Medicine and Candy – Tie into Pharmacy Tech
October 29, 2010
• 0 Comments
It’s no secret that children are bundles of curiosity, anxious to see, touch, smell and taste everything in their path – especially if the object in question resembles candy in any way. For some of these children, however, this seemingly harmless curiosity can mean grave danger.
According to the Poison Prevention Council, approximately 30 children die each year from accidental poisonings, and approximately one million frantic adults call Poison Control Centers each year to seek help when children under the age of five have swallowed harmful substances, including household chemicals and medicines, often having mistaken them for candy.
Children, especially under the age of five, often explore their world with their mouths. That means that anything low enough for a child to reach is likely to end up in their mouths. To young children, bright-colored medicine bottles and candy-shaped pills look more like tasty treats than potentially fatal substances.
The Home Safety Council provides a variety of recommendations for household safety http://homesafetycouncil.org/AboutUs/Media/media_w065.asp.
Children are also at risk while visiting family or friends. According to the Boston Public Health Commission, more than 90 percent of poisonings occur in the home. For this reason, it is important that parents not only take the time to educate themselves, but also educate other potential caregivers including grandparents and babysitters. Parents must provide anyone and everyone who watches their children with a list of emergency contact numbers and helpful tips — just in case.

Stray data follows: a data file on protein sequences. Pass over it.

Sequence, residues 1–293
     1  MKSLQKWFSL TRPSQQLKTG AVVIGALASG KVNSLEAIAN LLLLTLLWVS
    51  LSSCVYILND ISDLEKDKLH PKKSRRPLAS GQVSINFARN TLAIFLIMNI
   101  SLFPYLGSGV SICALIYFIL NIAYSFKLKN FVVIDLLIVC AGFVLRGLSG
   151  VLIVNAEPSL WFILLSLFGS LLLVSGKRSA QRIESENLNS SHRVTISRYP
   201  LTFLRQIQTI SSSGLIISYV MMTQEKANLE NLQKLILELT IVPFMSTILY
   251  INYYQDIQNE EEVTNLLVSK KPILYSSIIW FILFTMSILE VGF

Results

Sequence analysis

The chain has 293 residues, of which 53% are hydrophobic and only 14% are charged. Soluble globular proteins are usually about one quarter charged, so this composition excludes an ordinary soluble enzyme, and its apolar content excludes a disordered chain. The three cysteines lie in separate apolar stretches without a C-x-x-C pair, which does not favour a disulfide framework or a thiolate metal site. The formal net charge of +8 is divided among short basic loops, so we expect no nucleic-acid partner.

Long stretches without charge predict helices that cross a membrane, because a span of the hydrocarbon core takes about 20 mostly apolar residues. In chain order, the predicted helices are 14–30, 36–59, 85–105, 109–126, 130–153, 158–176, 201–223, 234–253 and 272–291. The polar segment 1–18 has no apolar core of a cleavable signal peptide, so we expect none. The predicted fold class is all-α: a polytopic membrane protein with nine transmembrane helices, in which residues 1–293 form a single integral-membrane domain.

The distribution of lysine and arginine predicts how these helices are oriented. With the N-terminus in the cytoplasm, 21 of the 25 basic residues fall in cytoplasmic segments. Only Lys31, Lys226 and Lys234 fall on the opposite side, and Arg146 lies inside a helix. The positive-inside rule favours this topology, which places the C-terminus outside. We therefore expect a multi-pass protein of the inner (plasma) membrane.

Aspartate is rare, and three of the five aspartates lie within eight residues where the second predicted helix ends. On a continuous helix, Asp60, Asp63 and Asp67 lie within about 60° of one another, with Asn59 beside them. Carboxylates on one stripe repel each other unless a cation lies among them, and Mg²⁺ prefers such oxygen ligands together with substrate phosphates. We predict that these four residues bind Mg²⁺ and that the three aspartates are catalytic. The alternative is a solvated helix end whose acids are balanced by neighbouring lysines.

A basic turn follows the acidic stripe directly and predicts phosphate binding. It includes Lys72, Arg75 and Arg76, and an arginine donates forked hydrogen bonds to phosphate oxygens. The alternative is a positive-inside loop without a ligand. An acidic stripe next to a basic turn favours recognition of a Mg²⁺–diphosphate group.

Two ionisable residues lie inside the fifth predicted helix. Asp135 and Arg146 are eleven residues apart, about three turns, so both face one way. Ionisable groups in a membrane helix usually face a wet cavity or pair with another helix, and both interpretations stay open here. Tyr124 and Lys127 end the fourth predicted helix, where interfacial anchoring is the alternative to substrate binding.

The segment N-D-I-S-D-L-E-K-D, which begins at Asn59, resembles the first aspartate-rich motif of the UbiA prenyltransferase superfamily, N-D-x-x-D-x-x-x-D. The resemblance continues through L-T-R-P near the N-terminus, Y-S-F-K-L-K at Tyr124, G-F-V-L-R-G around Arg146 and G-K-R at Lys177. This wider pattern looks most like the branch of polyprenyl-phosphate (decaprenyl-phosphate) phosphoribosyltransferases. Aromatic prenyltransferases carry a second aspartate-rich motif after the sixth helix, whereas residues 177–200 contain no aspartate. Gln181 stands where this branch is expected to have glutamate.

Sanford-Brown’s pharmacy technician educators recommend parents practice the following tips to avoid accidental poisonings:
- Use child-resistant packaging, remembering to secure containers after use
- Keep medicines locked up and out of sight
- Leave original labels on all products
- Always take or dispense medications in a well-lit area to ensure proper dosage
- Never refer to medicine as "candy"
- Post the number for your local poison control center in a highly visible location
Vomiting, sluggish actions or drowsy behavior may indicate that a child has ingested a harmful substance. Evidence of the product may also be on the child’s nose, mouth or on their breath. If parents believe their child has ingested a hazardous chemical or medication, they should immediately contact their local poison control center.
If you’re interested in helping educate people about their medications and also help prevent many children from confusing colored pills with candy, consider enrolling in our pharmacy technician program today. Learn more about Sanford-Brown’s pharmacy tech program here: http://www.sanfordbrown.edu/Areas-Of-Study/Allied-Health-Technicians-And-Therapists/Pharmacy-Technician Sanford-Brown does not guarantee employment or salary.